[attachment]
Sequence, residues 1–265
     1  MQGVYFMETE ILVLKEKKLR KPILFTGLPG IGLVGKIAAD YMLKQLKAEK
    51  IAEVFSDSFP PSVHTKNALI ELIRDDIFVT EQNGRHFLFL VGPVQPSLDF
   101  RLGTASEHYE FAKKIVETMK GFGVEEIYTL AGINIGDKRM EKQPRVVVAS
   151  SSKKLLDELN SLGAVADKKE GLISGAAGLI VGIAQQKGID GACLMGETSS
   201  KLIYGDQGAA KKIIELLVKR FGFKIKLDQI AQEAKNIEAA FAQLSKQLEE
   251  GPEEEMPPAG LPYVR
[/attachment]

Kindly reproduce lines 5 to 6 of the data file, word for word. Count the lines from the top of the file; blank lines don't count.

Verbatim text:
   151  SSKKLLDELN SLGAVADKKE GLISGAAGLI VGIAQQKGID GACLMGETSS
   201  KLIYGDQGAA KKIIELLVKR FGFKIKLDQI AQEAKNIEAA FAQLSKQLEE